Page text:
(Reuters) - Medtronic Inc’s experimental device to treat high blood pressure failed to meet its main goal in a clinical trial, sending the company’s shares down nearly 5 percent.
The device, known as renal denervation system, is aimed at high blood pressure-patients who are resistant to traditional drug therapies and works by deadening nerves in kidneys.
Analysts called the trial results disappointing, even though they did not have very high sales expectations from the device.
“The impact of this news on Medtronic should be modest as we only model worldwide revenues (from the device) of ... 1.2 percent of total company sales in 2018,” Wells Fargo Securities analyst Larry Biegelsen wrote in a note.
However, despite meeting its main safety goal in the trial, Medtronic said it would halt ongoing trials of the device in the United States, Japan and India.
The device was launched in Europe in April 2010, but its adoption was slow as austere governments were reluctant to pay for the unconventional technology.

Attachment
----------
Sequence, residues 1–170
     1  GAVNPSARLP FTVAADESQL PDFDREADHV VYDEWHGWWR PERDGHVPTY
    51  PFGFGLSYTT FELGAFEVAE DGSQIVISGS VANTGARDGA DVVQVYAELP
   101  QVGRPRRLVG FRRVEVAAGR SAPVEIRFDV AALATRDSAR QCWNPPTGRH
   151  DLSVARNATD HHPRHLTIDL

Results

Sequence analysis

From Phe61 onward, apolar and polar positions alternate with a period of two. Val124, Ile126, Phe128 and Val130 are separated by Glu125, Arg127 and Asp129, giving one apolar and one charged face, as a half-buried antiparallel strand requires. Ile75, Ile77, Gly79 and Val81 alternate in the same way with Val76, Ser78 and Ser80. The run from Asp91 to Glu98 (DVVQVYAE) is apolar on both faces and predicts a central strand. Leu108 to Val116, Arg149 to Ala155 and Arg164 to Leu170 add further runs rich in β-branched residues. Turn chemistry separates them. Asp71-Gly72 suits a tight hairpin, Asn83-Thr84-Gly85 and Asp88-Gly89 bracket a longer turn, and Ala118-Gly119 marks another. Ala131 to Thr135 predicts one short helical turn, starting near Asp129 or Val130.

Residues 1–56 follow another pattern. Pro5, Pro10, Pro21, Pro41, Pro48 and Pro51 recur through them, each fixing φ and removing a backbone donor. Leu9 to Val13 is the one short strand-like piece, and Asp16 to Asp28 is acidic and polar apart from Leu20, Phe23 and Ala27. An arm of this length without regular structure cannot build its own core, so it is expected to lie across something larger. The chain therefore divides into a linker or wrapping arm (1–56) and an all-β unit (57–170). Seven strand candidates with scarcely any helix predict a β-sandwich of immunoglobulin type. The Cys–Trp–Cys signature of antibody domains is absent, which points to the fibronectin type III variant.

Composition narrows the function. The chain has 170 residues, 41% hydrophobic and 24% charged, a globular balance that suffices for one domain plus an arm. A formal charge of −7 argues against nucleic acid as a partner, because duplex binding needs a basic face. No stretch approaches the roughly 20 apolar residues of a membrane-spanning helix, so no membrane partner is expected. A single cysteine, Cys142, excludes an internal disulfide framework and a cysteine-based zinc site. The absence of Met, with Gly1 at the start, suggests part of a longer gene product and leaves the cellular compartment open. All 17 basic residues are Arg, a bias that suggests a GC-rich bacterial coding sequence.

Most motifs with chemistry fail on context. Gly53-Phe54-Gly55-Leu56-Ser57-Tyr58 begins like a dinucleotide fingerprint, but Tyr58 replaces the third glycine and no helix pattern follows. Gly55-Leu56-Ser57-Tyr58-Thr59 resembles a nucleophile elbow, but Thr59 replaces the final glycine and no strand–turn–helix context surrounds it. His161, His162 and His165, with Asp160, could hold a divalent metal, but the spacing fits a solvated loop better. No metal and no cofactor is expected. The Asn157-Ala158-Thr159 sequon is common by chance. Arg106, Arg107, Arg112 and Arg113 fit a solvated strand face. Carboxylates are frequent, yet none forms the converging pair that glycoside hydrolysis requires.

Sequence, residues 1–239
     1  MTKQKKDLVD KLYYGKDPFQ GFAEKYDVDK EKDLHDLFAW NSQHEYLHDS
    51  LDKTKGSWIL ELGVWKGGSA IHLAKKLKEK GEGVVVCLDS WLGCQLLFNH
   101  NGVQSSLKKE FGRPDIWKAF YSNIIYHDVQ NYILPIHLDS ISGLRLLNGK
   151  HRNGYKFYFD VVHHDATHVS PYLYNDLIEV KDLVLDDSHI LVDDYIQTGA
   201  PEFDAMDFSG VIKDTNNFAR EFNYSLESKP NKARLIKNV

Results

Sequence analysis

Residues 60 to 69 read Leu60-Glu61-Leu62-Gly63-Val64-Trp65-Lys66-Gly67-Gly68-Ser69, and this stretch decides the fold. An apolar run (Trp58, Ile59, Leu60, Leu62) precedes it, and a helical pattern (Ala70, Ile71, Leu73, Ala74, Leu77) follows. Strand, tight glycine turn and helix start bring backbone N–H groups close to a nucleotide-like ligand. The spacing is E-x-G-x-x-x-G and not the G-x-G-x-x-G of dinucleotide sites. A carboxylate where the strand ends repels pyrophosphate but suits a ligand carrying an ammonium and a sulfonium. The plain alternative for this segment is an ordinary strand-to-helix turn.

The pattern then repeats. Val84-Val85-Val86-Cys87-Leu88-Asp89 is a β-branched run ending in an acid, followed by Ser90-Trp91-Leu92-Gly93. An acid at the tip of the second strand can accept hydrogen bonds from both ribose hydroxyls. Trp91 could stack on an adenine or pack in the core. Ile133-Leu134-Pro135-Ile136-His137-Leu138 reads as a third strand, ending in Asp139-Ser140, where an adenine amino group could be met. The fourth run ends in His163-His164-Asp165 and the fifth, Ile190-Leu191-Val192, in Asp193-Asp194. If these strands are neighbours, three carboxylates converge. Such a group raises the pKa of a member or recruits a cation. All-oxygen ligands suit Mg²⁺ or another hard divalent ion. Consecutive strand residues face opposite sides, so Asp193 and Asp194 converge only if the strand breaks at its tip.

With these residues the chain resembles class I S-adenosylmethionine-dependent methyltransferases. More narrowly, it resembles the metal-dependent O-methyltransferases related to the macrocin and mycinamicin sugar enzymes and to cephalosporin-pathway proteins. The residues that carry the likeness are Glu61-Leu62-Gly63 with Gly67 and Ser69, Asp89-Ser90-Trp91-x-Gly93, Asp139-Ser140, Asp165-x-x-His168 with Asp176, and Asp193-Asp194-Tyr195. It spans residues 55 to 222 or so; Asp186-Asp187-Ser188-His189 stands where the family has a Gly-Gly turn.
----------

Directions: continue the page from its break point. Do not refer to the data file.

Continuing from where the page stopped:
Several other medical device makers, including St Jude Medical Inc and Covidien, are also making devices aimed at treating high blood pressure.
These devices work by creating tiny scars along nerves in the kidneys - organs that play a pivotal role in regulating blood pressure by sending signals to the brain that can cause blood vessels to constrict.
This scarring process is carried out by threading a catheter through the renal arteries from the groin. It deadens the nerves and decreases blood pressure.
Medtronic shares were down 2.5 percent at $59.29 in late morning trade on the New York Stock Exchange. They touched a low of $57.92 earlier in the session.
Reporting by Esha Dey in Bangalore; Editing by Joyjeet Das and Savio D'Souza